DEFINITION: Risk management is the process by which a Branch, Association, League or Team reviews its activities, programs and operating procedures (including buildings and staff) to identify, understand and insure against the everyday risks confronted in operating an organized program.
Risk management consists of four (4) basic steps, performed in a logical sequence:
Step 1. Identify the risks connected with an activity (e.g. game, dressing room, arena parking lot, travel).
Step 2. Assess the relative significance of all on-ice and off-ice risks.
Step 3. Eliminate or minimize the identified risks.
Step 4. Provide protection against unavoidable risks. This can include insurance coverage.
Risk management is an ongoing process, not a one-time activity. It is not an isolated function or a committee task. Each association, team or league must ensure that the overall operations and planning process of the organization include an active risk management and safety program. Every member of the organization must be aware of his or her role and responsibility within that risk management structure. Remember that risk management is any organization’s best defense against accidents and injuries. Be aware of all the risks involved in all hockey related activities and always err on the side of caution.
Criminal Record Checks
CMHA requires that all volunteers undergo a Criminal Records Check (CRC) and a Vulnerable Person's Check every 2 seasons. This is in keeping with BC Hockey policy and helps to ensure the safety of the players within our organization. .Starting in 2014, we will now be using the Province of BC’s Criminal Records Review Program (CRRP). This is a secure system that allows volunteers to complete the review process from home. There is no cost for this service so it saves the Association money and it saves time for volunteers.The results are the same as CRCs completed through RCMP detachments.
Please click the following link to request an access code for the CRC: CRC Request
More information on the CRRP can be found at: http://www.pssg.gov.bc.ca/criminal-records-review/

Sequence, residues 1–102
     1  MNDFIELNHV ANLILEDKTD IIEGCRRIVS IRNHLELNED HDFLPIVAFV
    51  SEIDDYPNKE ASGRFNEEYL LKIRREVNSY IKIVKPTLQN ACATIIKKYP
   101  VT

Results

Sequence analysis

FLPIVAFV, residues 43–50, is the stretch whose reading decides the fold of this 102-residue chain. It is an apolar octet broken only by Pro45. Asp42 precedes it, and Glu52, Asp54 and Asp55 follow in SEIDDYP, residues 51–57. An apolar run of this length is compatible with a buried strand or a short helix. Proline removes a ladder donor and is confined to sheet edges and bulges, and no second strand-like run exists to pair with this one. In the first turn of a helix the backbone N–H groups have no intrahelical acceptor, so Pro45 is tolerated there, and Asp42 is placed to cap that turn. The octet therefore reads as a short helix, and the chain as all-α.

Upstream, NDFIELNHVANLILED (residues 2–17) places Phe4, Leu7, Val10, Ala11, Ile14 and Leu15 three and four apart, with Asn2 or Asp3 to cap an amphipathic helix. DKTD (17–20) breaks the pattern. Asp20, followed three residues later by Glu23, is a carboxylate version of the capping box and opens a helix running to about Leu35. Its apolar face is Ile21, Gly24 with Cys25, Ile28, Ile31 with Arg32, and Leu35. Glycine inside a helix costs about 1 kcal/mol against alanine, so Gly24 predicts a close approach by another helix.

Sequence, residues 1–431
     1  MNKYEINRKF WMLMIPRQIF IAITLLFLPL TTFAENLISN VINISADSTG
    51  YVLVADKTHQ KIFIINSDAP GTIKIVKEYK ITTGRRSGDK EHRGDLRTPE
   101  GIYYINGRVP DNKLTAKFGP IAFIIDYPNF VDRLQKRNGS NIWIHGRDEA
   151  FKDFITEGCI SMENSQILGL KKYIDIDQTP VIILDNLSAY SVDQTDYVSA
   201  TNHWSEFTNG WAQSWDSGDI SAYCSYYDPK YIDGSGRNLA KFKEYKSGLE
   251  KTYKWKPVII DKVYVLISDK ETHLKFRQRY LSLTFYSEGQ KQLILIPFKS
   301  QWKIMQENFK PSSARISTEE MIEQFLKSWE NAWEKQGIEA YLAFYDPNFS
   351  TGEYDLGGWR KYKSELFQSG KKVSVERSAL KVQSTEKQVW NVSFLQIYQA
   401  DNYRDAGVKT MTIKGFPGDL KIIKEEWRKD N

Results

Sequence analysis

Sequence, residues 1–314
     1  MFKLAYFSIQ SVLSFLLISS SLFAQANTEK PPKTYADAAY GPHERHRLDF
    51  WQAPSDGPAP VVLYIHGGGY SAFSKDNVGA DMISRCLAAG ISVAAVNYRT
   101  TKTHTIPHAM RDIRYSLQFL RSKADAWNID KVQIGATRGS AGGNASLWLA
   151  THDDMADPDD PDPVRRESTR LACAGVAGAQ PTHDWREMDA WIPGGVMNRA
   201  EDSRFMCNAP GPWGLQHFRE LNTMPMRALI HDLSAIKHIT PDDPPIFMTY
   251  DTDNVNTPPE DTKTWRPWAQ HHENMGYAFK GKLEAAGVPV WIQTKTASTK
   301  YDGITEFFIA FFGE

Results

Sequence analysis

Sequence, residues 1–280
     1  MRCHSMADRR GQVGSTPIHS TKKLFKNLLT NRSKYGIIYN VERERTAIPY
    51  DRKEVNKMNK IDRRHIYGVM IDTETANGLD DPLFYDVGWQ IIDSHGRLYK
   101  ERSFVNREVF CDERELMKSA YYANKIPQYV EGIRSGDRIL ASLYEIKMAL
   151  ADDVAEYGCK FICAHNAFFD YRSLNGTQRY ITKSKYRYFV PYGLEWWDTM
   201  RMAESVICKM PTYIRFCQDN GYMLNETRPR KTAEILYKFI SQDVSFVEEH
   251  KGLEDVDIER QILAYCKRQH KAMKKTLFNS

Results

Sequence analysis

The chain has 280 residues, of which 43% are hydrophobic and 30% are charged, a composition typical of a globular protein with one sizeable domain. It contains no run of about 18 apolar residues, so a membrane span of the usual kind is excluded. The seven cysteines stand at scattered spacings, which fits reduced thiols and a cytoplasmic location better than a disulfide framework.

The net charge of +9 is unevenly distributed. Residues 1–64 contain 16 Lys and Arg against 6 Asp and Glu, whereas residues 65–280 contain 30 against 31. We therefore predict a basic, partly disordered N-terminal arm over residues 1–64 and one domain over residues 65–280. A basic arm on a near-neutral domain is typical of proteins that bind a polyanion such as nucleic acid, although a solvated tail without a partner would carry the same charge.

If you have difficulty with the online system, you can attend a police detachment to complete the check. You will need to first request a Volunteer Letter to ensure you do not get charged a fee: CRC Volunteer Letter Request.
Respect in Sport (formerly Speak Out)
BC Hockey / Hockey Canada rules stipulate that all team officials must have taken the SpeakOut course, or, as of the 2009/2010 season, take the Respect in Sport Course.
The Respect in Sport course is a sport-generic course that provides in-depth information on the subjects of bullying, abuse, harassment and neglect in a convenient, safe and easy to comprehend manner. For more information, see the BCHockey website
HCSP – What is it?
The Hockey Canada Safety Program (HCSP) utilizes a proactive, preventative, common sense approach to keeping our children safe. The goal of the program is for the safety people to implement effective risk management programs with their own teams where player safety is the first priority at all times, both on and off the ice.
The Safety Person (HCSP) is a volunteer who has become HCSP certified. This certification program must be successfully completed every THREE (3) years in order to qualify as a team’s safety person, even if the individual is a medical professional.
The safety person:
· must conduct regular checks of players’ equipment.
· is responsible for promoting proper warm up and conditioning techniques as a form of injury prevention.
· coordinates plans for road trips, tournaments, etc. and assists in the overall supervision of the team.
· establishes medical history files on every player and caries these files and the team first aid kit on every outing.
· implements an Emergency Action Plan for the team and through this is prepared to react in the event of accidents, injuries and medical emergencies.
· manages all injuries, learns to recognize serious injuries and refers injured players to qualified professionals.
· Provides BCHockey injury report forms to player/parents when there is an injury. Ensures they are completely filled out and forwarded to the CMHA Risk Manager so they can be forwarded to BC Hockey to ensure the player is also covered by Hockey Canada’s supplemental insurance.
· must assume a leadership role in promoting the values of safety, fair play and integrity.
As you can see, there is more to being a safety person than just a name on a sheet to fulfill a paperwork requirement. This person is responsible for the safety of the team while they are together. There must be an HCSP qualified person at every event the team takes part in (even fundraising!).
Special Event Sanction Forms
The purpose of a sanctioning a special event is to extend Hockey Canada Insurance Program coverage such as Major Medical / Dental Coverage to activities that do not fall under regular hockey programming. Special Event Sanctions are for usage of events such as dryland training, fundraisers, and other activities outside of regular hockey programming. Not all activities are eligible for coverage.
Emergency Action Plans
An Emergency Action Plan (EAP) is used by the team safety person in case of injury or other event. The HCSP manual spells out in detail what an EAP is and that should be followed by the safety person. A good EAP involves more than just the team safety person. Typically the safety person is the “Charge” person. They are in charge in a serious event. There is a “Call” person. This person is responsible for calling emergency services and acts as the information conduit. Then there is a “Control” person who is in charge of keeping parents and players out of the way but also keeping them informed as to progress.